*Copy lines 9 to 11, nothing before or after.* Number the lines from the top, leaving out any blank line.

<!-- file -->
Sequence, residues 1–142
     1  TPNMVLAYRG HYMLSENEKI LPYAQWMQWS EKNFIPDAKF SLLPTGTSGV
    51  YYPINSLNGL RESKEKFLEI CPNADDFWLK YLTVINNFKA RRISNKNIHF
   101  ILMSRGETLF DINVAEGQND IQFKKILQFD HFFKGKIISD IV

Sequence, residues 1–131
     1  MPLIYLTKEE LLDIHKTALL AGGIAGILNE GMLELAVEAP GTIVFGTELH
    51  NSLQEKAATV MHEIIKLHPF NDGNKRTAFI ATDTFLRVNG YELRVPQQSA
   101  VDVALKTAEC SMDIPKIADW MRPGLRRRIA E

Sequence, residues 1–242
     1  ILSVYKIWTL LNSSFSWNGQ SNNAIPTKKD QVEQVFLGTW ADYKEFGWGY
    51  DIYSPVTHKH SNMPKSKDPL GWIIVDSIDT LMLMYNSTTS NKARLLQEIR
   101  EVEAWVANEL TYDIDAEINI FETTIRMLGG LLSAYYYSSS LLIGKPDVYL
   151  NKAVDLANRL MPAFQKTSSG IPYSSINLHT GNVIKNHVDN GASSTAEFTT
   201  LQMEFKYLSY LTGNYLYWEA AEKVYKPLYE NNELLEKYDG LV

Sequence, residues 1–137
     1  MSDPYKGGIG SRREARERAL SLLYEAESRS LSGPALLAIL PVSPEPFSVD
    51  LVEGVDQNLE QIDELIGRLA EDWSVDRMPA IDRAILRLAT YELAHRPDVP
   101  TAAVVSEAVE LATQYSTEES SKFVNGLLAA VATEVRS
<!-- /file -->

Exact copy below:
Sequence, residues 1–242
     1  ILSVYKIWTL LNSSFSWNGQ SNNAIPTKKD QVEQVFLGTW ADYKEFGWGY
    51  DIYSPVTHKH SNMPKSKDPL GWIIVDSIDT LMLMYNSTTS NKARLLQEIR